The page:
• With 10 to go he was 16th, but made a strong run on the outside lane and passed several trucks before moving back down to the inside lane. Two laps later he had catapulted all the way up to seventh.

  • With only five laps left the caution flag flew once again, setting up a green-white-checkered finish. Snider restarted on the bottom in the seventh position and held his spot in the bottom lane as others drivers got aggressive trying to make a move for the win. The strategy paid off as he advanced four spots in the final two laps and ended the day with a career-best third-place finish.

Myatt Snider, driver of the No. 51 Louisiana Hot Sauce Tundra for Kyle Busch Motorsports:

 What was the racing like today?

“Well if you’ve ever gone to an amusement park and been on a rollercoaster that’s pretty much what Talladega is like. We had a crazy day. My KBM (Kyle Busch Motorsports) Louisiana Hot Sauce Toyota Tundra was really fast all day. We had good speed and were able to draft really well. It was just a wild race. We had a little bit of an incident there with the 13 (Cody Coughlin) – I don’t know exactly what happened, but it looks like he got up into me or I got down on him. It happened so fast. I’m just proud of these guys for giving me great pit stops and a great truck and a great sponsor. Just a great result and happy for this whole team.”


Fred’s 250 Recap:

  • Parker Kligerman won the race followed by KBM’s Christopher Bell and Snider. Grant Enfinger and Austin Cindric rounded out the top-five finishers.

  • The race featured six cautions for a total of 27 laps. There were 17 lead changes among 11 drivers. KBM’s Christopher Bell led four times for nine laps.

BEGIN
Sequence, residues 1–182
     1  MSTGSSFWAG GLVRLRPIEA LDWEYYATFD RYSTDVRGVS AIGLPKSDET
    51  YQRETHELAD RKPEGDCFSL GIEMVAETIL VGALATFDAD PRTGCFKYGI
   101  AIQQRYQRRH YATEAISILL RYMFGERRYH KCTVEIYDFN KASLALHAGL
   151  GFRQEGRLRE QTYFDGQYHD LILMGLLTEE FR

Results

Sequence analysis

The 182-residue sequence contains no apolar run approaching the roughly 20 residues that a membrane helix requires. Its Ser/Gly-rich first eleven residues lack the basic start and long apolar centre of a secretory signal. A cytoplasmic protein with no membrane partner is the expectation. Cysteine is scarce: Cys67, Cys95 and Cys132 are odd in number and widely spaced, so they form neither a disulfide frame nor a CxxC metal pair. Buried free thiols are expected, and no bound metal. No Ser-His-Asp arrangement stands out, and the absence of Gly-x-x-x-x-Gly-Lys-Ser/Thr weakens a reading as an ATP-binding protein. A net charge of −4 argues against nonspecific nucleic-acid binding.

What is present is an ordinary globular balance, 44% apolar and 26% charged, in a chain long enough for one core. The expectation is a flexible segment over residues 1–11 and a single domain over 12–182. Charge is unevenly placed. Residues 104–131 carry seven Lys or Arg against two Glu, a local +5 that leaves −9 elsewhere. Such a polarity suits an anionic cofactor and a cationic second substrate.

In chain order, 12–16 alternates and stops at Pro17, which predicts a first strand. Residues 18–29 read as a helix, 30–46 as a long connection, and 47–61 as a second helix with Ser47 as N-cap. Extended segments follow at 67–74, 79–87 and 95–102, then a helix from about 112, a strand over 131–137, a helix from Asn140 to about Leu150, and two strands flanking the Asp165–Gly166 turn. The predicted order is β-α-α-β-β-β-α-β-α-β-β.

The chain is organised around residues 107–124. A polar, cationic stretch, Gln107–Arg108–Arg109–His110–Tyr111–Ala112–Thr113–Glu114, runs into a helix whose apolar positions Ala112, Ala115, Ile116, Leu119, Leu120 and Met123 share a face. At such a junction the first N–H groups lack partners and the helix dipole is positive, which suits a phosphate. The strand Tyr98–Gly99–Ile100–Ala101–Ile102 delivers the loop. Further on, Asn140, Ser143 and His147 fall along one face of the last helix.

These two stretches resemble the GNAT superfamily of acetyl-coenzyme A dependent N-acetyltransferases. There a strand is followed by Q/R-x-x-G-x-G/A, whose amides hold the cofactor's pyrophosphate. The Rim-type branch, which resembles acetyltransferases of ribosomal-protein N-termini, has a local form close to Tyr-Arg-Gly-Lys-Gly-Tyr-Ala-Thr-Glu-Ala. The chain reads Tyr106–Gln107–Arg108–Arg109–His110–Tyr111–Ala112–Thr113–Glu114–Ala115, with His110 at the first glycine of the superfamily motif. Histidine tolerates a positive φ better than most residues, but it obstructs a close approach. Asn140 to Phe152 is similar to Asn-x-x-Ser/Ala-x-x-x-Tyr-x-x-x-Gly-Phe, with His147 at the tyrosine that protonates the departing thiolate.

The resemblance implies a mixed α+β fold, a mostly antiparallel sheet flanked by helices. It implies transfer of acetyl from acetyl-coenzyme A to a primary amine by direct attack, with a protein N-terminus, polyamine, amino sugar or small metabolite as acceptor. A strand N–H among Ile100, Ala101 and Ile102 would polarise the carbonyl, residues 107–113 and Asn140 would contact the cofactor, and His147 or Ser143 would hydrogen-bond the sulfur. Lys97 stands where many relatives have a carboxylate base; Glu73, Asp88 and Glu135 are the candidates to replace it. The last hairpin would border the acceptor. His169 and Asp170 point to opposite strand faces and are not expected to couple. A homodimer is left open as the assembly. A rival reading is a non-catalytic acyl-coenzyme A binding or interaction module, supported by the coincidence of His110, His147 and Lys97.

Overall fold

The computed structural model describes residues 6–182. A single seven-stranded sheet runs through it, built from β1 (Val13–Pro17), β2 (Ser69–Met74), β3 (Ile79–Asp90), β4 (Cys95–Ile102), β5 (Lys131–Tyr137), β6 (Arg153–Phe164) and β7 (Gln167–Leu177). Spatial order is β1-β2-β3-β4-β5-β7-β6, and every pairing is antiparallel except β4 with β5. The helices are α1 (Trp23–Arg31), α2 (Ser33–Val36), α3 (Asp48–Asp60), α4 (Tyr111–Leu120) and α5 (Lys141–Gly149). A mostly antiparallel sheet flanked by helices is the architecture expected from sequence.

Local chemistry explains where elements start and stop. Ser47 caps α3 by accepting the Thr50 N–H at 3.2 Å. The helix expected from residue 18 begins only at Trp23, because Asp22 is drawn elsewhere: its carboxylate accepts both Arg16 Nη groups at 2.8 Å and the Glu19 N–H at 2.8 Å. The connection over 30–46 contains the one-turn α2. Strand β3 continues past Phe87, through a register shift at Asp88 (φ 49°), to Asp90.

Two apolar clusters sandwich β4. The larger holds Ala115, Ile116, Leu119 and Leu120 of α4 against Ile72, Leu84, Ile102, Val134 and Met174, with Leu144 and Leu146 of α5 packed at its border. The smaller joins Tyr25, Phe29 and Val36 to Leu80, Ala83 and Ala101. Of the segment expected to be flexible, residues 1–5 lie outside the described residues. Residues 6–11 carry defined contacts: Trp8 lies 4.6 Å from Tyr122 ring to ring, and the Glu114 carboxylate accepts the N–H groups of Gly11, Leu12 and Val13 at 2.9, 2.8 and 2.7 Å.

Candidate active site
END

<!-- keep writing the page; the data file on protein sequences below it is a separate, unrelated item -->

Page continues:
How Snider’s KBM Teammates Fared:

Noah Gragson, driver of the No. 18 Toyota, finished 14th

Christopher Bell, driver of the No. 4 Toyota, finished second

NCWTS Owner Championship Standings:

The No. 51 Toyota Racing team finished the Round of 8 fifth in the Truck Series Owner Championship Standings with 2,109 points and advances to the Round of 6.

Next Race:

The Truck Series returns to action in two weeks at Martinsville Speedway on Saturday, Oct. 28.  Live coverage of the race begins with the NCWTS Setup Show at 12:30 p.m. ET on FOX Sports 1.


Parker Kligerman Steals One At Talladega

Parker Kligerman
The massive wreck in Turn 1 that gobbled up a pack of trucks in overtime at Talladega Superspeedway spared a part-time driver with one win on his career resume and a lower-budget team fighting for the final spot in the Round of 6 of the NASCAR Camping World Truck Series’ Playoff.

The part-timer, Parker Kligerman, charged to the front past pole winner, series leader and race runner-up Christopher Bell after the final restart and had the lead in Saturday’s Fred’s 250 when trucks started bouncing off each other in Turn 1 on the final lap. That wreck caused a caution that froze the running order and gave Kligerman his first victory since he won at Talladega in 2012.

The real suspense, however, involved John Hunter Nemechek, who steered his already-wrecked truck through two major crashes in the final 25 laps to finish sixth. Nemechek grabbed the final spot in the Round of 6 over Chase Briscoe, who finished 22nd, nine laps down after his team dealt with a valve cover issue early in the race.

“We had a long team meeting last night in the lobby of our hotel, and we sat down and said a prayer that we would make it to the next round,” Nemechek said.

Shortly after the restart of the final stage, it appeared the prayer would not be answered. Nemechek’s No. 8 Chevrolet was damaged heavily in a crash that started when Ben Rhodes turned Clay Greenfield’s Chevrolet in Turn 4 on Lap 54.